Australia-based Syrah Resources is also mining graphite and is invested in the Balama Graphite Project situated in the Cabo Delgado province of northern Mozambique. The project was officially opened in April and is expected to produce an average of 350,000tpa of graphite concentrate at full capacity over a 50-year mine life.
Clashes and risk
For Mozambique, these new large-scale projects represent a shift to a more organised mining sector in the country.
Currently, small producers make up around 90% of the coloured gemstone industry. According to a report by Bloomberg, several big gem discoveries in the northern part of the country resulted in an estimated 10,000 people from all over the world coming to the region to find and trade rubies.
However, the police have been making arrests and are keen to crack down on artisanal mining and formalise the sector completely.
Nevertheless, locals living in poverty are keen to exploit the easily accessed shallow gem deposits. The increase in big projects has seen a rise in tensions between the new mega mining projects and artisanal miners.
In April, law firm Leigh Day said it had issued proceedings at the High Court in London against Gemfields Limited, after 100 Mozambicans alleged serious human rights abuses at the hands of security forces on or around the Montepuez Ruby Mine. Gemfields has also been linked to extremist activity in northern Mozambique – links that the company has said are ‘misleading’.
Other challenges and risks can arise for foreign miners in Mozambique due to political instability and corruption.
Transparency International (TI) warns of corruption as a major “underlying cause of the country’s malaise”, which it estimates to have cost Mozambique almost $5bn between 2002 and 2014.
According to TI, “Mozambique presents a textbook case of a country whose legal and institutional framework has been brought into line with international good practice, but whose good governance window dressing is unable to compensate for blatant abuses of power.”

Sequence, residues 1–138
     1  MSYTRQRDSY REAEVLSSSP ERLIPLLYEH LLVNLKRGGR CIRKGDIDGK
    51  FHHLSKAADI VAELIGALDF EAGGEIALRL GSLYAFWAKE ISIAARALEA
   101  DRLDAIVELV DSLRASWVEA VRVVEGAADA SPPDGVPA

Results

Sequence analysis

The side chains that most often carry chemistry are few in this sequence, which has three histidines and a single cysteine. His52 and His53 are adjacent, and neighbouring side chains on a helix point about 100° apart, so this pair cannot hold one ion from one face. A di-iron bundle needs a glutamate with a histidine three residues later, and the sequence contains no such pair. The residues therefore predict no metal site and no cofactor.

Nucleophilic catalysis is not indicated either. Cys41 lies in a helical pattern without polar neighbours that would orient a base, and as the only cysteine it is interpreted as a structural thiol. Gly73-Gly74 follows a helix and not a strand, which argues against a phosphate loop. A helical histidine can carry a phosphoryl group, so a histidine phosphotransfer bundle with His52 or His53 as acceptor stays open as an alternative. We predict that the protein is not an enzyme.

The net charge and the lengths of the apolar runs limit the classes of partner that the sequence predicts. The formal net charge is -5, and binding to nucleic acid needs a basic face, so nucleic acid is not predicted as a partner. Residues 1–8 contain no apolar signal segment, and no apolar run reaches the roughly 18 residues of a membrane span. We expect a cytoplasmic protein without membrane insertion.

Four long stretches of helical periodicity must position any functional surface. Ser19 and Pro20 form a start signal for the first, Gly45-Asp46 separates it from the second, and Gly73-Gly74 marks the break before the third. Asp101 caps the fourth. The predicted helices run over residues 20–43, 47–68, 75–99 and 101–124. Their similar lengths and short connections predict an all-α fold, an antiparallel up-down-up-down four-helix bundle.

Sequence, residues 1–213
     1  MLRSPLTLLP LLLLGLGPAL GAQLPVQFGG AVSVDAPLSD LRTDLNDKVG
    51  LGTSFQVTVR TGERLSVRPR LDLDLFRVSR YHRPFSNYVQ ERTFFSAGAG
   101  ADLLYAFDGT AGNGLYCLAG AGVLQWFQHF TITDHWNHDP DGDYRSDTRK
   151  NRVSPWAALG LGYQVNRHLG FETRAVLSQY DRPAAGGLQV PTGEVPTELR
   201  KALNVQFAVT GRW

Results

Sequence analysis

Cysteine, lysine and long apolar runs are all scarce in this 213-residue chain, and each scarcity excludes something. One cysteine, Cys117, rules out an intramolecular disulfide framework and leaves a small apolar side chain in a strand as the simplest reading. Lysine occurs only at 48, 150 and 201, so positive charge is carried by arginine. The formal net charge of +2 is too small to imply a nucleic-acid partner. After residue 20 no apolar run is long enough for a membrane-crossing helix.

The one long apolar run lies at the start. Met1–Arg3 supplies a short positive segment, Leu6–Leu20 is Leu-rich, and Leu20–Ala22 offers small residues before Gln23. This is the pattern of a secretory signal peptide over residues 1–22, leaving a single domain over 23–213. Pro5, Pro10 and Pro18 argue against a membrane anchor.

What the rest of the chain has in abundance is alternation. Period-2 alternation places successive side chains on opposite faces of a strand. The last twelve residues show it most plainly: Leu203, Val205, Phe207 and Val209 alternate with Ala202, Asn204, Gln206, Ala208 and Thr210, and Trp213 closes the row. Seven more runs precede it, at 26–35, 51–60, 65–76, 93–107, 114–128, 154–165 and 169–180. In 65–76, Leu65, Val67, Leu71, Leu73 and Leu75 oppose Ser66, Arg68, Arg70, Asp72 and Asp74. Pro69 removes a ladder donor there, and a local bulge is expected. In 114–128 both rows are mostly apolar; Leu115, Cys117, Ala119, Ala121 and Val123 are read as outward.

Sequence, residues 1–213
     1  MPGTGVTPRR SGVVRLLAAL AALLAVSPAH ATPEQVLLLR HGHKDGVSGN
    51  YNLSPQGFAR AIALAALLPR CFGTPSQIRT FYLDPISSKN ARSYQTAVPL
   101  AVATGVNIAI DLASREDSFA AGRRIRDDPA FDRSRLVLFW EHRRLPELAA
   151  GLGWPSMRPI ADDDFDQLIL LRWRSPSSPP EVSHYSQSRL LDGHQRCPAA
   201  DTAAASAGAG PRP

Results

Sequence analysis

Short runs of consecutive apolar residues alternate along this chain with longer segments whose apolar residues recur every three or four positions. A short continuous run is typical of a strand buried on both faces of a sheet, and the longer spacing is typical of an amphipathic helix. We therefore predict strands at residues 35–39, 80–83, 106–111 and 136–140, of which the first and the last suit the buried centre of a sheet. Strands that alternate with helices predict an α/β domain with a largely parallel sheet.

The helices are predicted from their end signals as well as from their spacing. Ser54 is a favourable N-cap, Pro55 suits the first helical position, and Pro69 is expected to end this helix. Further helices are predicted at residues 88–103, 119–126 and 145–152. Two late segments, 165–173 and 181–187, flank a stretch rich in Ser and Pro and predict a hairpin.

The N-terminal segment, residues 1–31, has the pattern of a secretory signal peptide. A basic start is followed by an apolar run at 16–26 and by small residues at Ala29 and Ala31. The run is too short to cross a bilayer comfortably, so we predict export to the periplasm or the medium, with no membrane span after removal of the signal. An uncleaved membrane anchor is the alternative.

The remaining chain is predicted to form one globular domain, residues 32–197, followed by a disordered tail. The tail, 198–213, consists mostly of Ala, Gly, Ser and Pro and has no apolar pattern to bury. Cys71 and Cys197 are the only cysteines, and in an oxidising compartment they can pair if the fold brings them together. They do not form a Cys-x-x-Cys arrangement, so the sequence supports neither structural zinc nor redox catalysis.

Despite the challenges, which are not uncommon in the wider region, miners seem keen to exploit the opportunities that Mozambique presents.
Shaun Verner, CEO of Syrah Resources, said he believes Mozambique has significant exploration and resource potential, with many international companies considering potential projects in its mining industry. He adds that ongoing improvements to local infrastructure, such as the national grid and road systems, can also benefit the country and miners alike.
China, for one, is investing heavily in infrastructure projects in the country.
It is hoped that continued investments in the sector can also benefit local communities and Mozambique’s ailing economy.
Syrah Resources claims that 90% of its employees at the Balama Graphite Project are Mozambican nationals. And Gemfields says that, as of 30 June 2017, it has paid $70m to the government in the form of corporation taxes and production royalties.
With future demand for Mozambique’s key minerals – rubies, graphite and vanadium – already high, production is expected to remain strong.
Furthermore, export.gov, which is run by the US International Trade Administration, says that given the expectation that mining costs in South Africa will rise considerably over the coming years, Mozambique could gain a regional competitive advantage.
Barring any major political upheaval, and with good local stakeholder engagement, the potential for Mozambique’s mining sector will continue to look good.